Linguistics, Literary Studies and Communication: A Digital Perspective
By: Thompson O. Ewata
University of Africa, Toru-Orua Bayelsa, State, Nigeria
Memunat O. Mahmud
Adekunle Ajasin University, Akungba-Akoko, Nigeria
Kayode S. Ariyo
Rufus Giwa Polytechnic, Owo, Ondo State, Nigeria
It has been compiled in honour of an accomplished scholar, Professor ’Demola Jolayemi. He has become renowned in recent years especially for having brought electronic resources to bear upon the study of the phonetics and phonology of Nigerian English. He has thus added to the growing body of research in this field and helped to place it upon a firm experimental basis.
The festschrift brings together forty-five well-researched and insightful papers written by Professor Jolayemi’s colleagues, friends and students. Covering a wide range of topics, they come under three headings: Language, Literature, and Education. The first of these accounts for more than half of the papers, which is perhaps natural and inevitable in view of Professor Jolayemi’s research interests.
This first section addresses critical areas in linguistics, stylistics, semiotics, pragmatics, and content analysis. It starts with an unusual, fascinating paper by Prof. Fúnmi O. Olúbọ̀dé-Sàwẹ̀, titled: Imagining nanotechnology in fiction: Today’s dream, tomorrow’s nightmare? Concerned with the scientific interests of the literary imagination, it shows how nanotechnology is now being imagined in literature. In contrast, the second paper, Plain English versus legalese in deeds of sub-lease: A comparative analysis of comprehensibility by Dr Babatunde I. Awe, has a practical thrust. It attempts to investigate the differences in the comprehensibility to lawyers and non-lawyers of legalese and plain English versions of a legal document, and also the attitudes of lawyers and non-lawyers to plain English as an alternative to legalese. In Chapter Three, Gbenga J. Joseph examines the areas of convergence and divergence of literary stylistics, literary criticism and linguistic stylistics as conceptual and analytic frameworks of literary discourse and variety of language-use.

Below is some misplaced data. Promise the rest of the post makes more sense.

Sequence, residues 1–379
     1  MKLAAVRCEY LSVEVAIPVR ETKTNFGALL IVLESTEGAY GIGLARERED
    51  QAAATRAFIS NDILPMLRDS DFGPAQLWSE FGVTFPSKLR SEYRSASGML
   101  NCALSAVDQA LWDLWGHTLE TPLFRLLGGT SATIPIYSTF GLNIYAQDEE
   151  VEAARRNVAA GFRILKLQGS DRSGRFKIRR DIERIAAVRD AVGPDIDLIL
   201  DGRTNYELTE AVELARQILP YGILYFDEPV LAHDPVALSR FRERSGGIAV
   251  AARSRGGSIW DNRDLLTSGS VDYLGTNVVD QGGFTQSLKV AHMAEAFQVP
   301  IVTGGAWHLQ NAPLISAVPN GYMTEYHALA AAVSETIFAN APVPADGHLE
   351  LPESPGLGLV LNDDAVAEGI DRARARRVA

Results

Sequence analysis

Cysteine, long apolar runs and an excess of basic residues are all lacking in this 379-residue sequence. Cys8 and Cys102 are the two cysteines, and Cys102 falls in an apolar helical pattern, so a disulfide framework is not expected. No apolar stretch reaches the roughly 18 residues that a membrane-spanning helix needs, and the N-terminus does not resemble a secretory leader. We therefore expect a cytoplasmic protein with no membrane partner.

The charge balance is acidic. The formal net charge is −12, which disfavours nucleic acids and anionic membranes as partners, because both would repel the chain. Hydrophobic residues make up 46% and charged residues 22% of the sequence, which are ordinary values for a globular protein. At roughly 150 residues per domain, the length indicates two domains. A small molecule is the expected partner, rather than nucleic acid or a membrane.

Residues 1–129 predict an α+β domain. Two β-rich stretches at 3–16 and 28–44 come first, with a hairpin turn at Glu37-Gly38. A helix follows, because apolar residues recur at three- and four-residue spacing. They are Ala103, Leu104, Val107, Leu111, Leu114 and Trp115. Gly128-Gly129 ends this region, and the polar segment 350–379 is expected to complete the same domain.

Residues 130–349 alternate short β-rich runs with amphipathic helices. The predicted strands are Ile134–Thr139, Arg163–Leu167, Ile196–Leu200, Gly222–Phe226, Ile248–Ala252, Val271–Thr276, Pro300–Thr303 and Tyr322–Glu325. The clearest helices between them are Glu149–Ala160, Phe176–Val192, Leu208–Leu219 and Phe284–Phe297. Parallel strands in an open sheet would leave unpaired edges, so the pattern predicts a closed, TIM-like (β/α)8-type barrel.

Literature serves many functions in the society. As a mirror of the society, it gives an image of that society, which may be true or distorted, either in reality or perceived as distorted by the society as a whole. As a lamp, literature helps us to imagine alternative realities or new pathways in which we may walk. George Orwell’s 1984, a prognostication of governments’ intrusion into citizen’s privacy has become a reality in our day: with the emergence of the “Internet of Things”, Orwell’s Big Brother is now truly watching us. Against the backdrop of literary imagination becoming scientific reality, this paper investigates how nanotechnology has been and is being imagined in literature. 120 works of fiction in different media: movies and movie series, novel, comics/other media, cartoon, computer games, short story, are analysed to provide answers to the following questions: is nanotechnology imagined as a force for good or evil? How legitimate are these “prognostications” in the light of current realities? Literary conceptualizations of nanotechnology are ambivalent at best, and horrifying at the worst. This leads us to conclude that the prospects of nanotechnology give us a cause to pause.